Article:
|Native to||Cameroon, Equatorial Guinea, Gabon|
|(2.8 million cited 1982–2013)|
Beti is a group of Bantu languages, spoken by the Beti-Pahuin peoples who inhabit the rain forest regions of Cameroon, Republic of the Congo, Equatorial Guinea, Gabon, and São Tomé and Príncipe. The varieties, which are largely mutually intelligible and variously considered dialects or closely related languages, are:
Beti has an ISO 639-3 code, but this was retired in 2010 because the varieties of Beti already had their own codes.
There is a Beti-based pidgin called Ewondo Populaire.
- Sum of figures in Ethnologue 18
- Hammarström, Harald; Forkel, Robert; Haspelmath, Martin; Bank, Sebastian, eds. (2016). "Yaunde–Fang (A.70)". Glottolog 2.7. Jena: Max Planck Institute for the Science of Human History.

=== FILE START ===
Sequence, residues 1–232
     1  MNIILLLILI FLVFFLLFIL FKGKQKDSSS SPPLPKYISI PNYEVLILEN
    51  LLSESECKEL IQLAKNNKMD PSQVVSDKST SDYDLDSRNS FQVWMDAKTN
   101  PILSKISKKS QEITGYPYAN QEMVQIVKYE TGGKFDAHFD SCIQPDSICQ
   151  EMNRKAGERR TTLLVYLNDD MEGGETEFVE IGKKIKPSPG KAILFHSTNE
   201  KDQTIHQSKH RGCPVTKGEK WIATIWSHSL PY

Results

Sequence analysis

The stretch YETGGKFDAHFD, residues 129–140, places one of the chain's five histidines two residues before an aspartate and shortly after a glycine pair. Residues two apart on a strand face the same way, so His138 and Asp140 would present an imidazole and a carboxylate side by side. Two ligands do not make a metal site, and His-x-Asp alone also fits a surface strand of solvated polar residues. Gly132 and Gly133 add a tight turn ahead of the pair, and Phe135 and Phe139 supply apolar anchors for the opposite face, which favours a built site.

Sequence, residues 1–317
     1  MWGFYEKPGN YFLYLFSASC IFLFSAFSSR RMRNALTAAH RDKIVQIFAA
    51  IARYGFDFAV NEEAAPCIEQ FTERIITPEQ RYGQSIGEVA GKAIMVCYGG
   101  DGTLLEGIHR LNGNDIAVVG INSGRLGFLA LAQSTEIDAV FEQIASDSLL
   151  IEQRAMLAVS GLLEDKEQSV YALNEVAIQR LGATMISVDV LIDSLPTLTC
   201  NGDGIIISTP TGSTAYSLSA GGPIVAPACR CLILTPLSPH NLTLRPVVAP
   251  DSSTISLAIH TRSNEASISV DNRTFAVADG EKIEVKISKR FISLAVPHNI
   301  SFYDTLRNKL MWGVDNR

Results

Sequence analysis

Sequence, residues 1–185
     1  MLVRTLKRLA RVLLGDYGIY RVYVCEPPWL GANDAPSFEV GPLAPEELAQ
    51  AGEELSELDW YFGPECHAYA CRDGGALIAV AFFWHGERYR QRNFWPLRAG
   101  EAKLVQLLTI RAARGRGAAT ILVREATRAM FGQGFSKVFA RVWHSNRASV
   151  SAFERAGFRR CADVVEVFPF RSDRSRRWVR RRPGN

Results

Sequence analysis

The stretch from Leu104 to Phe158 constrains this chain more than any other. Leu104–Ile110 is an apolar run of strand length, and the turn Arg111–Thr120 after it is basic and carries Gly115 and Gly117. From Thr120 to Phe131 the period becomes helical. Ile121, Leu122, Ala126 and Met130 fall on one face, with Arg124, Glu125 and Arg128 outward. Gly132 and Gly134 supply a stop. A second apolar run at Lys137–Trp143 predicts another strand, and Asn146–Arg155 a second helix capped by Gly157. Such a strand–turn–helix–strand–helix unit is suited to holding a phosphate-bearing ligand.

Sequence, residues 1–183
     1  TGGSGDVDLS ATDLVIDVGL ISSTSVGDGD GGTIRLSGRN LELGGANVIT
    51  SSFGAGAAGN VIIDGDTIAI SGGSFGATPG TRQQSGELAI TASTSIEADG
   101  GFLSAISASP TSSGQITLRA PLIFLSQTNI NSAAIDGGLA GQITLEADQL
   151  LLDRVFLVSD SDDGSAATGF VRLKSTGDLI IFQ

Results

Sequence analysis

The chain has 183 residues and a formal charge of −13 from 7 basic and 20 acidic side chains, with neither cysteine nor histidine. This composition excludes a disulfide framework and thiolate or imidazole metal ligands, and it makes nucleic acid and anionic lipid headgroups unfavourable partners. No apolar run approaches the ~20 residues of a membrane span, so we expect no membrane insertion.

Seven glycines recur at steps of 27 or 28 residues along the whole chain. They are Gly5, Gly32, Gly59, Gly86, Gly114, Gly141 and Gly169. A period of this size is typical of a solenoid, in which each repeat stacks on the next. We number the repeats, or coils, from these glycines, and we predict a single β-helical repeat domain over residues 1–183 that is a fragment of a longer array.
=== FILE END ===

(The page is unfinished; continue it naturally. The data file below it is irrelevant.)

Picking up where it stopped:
- "Archived copy". Archived from the original on 2011-09-11. Retrieved 2010-09-20.
- "Archived copy". Archived from the original on 2012-10-16. Retrieved 2010-09-20.
See also: General Alphabet of Cameroon Languages
Note: The Guthrie classification is geographic and its groupings do not imply a relationship between the languages within them.
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